By Cammie Jones


As we enter the season of Thanksgiving and the holidays, we are bombarded with advertisements, social media and great stories about helping others. These stories are wonderful examples of how our community is making the world a better place. I am often reminded of how important simple, everyday acts of gratitude and kindness make a difference in our lives and the lives of our children. Here are a few ways we can encourage our children to show gratitude daily.

1. Gratitude Jar

During November, ask your children to write down something they are thankful for and put it in a Gratitude Jar. This can be as simple as an old glass vase or empty pickle jar.  Have your children decorate it and make it their own.

At Thanksgiving, pull out a few slips of paper and read what is written. It can be lengthy or short, a brief description or one word.  For example, they may be thankful for household pets or the delicious meal you cooked. It doesn’t matter what it is. Cultivating the habit of being purposefully thankful for the small things in life will help children during difficult times. This activity can be done all year long. Keep the jar on the kitchen counter throughout the year and have your children add to it. Once a week or month, pull out a few examples to share around the dinner table as a way to promote the idea of gratitude.

2. Giving Back Through Volunteering

There is nothing quite as special as doing something for someone without expecting anything in return. In this day and age, that is not a regular occurrence so we may need to illustrate that by volunteering. Take your kids to the local food pantry or a soup kitchen where they can help cook and serve the needy.  Ring the bell for the Salvation Army. Collect toys for an organization supporting children who otherwise wouldn’t receive any gifts.  Call area non-profit organizations to understand the needs and how to help. Don’t try to overdo it. Choose a charity that is close to your heart or has some meaning to you and your family. It will make the volunteer hours even more special.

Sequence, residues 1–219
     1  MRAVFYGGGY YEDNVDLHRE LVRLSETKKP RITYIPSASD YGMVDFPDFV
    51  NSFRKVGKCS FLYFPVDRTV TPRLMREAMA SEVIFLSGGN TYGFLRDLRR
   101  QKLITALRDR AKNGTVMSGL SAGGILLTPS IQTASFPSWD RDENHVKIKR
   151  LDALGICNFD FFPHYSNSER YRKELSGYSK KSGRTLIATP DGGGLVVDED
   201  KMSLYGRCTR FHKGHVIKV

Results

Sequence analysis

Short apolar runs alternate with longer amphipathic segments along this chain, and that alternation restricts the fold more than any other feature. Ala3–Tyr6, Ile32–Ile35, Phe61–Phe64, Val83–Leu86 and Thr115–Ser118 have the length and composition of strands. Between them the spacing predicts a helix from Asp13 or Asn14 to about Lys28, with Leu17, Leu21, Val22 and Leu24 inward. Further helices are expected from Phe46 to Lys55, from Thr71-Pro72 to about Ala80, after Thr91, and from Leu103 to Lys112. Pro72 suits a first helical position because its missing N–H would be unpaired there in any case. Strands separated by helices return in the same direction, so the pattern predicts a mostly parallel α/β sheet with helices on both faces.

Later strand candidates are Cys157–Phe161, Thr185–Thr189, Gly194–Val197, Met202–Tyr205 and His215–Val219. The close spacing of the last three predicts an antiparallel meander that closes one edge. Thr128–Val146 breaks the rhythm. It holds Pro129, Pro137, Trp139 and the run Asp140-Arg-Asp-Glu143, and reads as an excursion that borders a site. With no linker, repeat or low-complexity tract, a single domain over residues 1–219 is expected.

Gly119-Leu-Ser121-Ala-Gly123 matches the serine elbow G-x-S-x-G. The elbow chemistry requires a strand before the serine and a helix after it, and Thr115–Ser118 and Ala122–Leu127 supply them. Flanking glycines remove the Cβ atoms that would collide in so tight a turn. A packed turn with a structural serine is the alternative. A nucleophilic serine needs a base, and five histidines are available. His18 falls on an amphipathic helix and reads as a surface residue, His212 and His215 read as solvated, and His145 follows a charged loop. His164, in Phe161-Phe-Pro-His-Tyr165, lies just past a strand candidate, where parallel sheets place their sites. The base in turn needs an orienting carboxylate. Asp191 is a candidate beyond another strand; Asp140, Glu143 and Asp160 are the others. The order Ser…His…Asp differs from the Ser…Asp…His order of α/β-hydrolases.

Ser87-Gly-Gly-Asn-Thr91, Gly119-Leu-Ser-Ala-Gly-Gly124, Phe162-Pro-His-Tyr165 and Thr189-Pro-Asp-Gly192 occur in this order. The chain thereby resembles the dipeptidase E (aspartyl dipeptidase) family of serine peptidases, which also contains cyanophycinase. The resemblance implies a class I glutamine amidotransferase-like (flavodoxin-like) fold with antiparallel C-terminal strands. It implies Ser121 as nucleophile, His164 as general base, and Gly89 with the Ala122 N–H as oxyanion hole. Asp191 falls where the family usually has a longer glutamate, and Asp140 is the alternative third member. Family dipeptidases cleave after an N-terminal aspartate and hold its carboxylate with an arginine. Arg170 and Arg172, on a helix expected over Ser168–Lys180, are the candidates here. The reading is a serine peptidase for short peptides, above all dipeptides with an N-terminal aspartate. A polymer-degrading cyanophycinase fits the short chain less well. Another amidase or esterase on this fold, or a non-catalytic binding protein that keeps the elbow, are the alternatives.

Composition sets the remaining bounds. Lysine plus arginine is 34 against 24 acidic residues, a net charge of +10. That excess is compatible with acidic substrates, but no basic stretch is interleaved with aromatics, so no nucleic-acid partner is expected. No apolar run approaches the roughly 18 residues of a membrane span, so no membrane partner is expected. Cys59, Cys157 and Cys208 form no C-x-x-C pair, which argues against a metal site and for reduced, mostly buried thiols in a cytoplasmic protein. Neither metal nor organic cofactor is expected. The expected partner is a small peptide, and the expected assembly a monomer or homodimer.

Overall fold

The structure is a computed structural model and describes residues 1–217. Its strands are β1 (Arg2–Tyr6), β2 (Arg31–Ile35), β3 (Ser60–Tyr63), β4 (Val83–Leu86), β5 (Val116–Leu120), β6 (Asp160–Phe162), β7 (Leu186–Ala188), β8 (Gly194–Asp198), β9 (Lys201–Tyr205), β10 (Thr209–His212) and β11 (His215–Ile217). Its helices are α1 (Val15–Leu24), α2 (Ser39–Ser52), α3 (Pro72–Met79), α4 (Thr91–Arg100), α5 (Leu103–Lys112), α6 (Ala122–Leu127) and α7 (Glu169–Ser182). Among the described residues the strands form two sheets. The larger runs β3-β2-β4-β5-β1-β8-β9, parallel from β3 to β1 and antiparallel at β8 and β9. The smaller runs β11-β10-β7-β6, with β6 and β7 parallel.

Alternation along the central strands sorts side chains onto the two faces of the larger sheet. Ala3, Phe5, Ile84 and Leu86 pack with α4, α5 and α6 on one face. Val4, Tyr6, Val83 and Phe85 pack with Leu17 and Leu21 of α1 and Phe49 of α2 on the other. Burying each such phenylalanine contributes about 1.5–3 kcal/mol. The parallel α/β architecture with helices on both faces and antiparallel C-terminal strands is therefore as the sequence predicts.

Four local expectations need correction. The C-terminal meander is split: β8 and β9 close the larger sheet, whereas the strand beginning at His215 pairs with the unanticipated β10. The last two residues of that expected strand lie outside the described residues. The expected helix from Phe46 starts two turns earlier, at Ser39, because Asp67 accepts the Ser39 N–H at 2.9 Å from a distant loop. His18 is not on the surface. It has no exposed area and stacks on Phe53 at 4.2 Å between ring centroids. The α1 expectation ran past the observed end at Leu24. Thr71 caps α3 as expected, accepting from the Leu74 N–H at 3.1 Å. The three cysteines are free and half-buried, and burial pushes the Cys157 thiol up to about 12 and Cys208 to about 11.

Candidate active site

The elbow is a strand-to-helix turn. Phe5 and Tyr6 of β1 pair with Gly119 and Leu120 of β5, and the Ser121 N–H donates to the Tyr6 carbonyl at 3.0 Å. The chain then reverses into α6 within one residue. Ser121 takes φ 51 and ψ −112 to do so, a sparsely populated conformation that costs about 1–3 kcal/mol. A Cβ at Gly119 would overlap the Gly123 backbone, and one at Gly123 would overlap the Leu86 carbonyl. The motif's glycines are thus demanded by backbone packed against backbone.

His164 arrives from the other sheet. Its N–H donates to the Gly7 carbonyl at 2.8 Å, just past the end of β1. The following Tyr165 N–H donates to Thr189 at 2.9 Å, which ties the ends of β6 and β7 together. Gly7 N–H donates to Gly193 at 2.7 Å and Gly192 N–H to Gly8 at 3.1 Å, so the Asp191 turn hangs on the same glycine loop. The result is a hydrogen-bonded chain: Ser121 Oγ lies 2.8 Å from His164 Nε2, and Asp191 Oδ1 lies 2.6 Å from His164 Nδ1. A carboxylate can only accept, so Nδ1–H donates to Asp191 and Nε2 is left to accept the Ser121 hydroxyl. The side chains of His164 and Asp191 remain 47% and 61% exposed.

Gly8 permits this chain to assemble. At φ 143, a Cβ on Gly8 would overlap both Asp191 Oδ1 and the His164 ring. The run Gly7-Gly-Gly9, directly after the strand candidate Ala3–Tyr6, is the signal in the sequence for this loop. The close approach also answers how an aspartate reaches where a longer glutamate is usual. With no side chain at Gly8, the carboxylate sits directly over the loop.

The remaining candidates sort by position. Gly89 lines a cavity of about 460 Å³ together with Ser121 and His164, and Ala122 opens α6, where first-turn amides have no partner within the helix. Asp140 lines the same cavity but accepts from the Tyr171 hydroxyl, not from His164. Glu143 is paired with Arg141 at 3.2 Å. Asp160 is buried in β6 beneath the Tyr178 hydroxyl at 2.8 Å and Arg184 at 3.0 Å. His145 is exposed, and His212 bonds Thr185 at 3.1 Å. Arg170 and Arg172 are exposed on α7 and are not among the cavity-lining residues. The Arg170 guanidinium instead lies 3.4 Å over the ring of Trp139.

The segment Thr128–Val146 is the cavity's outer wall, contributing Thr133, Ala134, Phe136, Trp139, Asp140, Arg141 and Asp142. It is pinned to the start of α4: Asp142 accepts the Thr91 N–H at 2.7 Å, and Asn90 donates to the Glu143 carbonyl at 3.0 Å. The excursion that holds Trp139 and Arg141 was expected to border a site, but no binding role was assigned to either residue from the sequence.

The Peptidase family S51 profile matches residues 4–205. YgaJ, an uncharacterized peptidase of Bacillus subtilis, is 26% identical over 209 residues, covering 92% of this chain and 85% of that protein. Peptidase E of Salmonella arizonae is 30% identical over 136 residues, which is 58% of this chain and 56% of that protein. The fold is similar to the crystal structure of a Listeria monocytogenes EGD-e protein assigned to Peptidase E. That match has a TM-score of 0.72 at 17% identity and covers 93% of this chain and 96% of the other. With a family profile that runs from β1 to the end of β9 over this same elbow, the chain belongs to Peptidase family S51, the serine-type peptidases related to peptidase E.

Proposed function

More importantly, don’t stop the practice of volunteering after the holidays. Try to schedule other times to volunteer throughout the year. Many churches have specific organizations they support where you can start for ideas. Explore ways to plug your family into the needs around Augusta’s River Region and commit to help on a regular basis.

3. Focus on the Positive

Everyone understands the common expression of the glass half-full. It is so important to focus on the positives in life, especially in front of children. It is easy to see the bad in situations, but shifting to extract positives in all circumstances will help your children understand the choice of making lemonade when life hands them lemons.

If your child is disappointed about something at school, allow him to complain or be sad but then try to find something positive from it. Take time to talk through the issue to help him figure out how to handle it. After the issue has been resolved or is in the past, take time to look for something good that may have resulted from it.

4. Play the ABC Game of Gratitude

Former teacher, author and freelance writer @, Tania Cowling suggests playing a game of gratitude using the alphabet. This can be used as a meaningful and fun conversation starter around the dinner table or at the Thanksgiving meal. It’s simple— go around the table and name something or someone you are thankful for using the alphabet as a guide. The first person would have to find something using the letter A for which they are thankful.  It could be the appliances that helped cook the food or the apple pie they will eat for dessert. The next person would find something they are thankful for that begins with B, and so on.

5. A Simple Thank You

I believe when it comes to the holidays, we all enjoy the giving spirit and try to do things to help those less fortunate than ourselves. This is wonderful, but I also believe just a simple thank you to those who do things for us regularly might be another way to show gratitude this time of year.

Write a note to someone at church who goes above and beyond doing a particular service, have your child write a word of thanks to their teacher or school employee, put a small token of gratitude in your mailbox for the mail carrier, or have a treat on hand to give to the UPS driver when he comes to deliver a package. Little things offered with a smile and a personal thank you will be appreciated for a long time to come.

As always, lead by example. Take a look at what you do to thank others or show gratitude. Do you thank your husband or wife when they make the coffee the night before, drive the kids to soccer practice, or go grocery shopping for the family? Take time to say thank you, and make sure your kids are within earshot!

This article appears in the November 2019 issue of Augusta Family Magazine.
Did you like what you read here?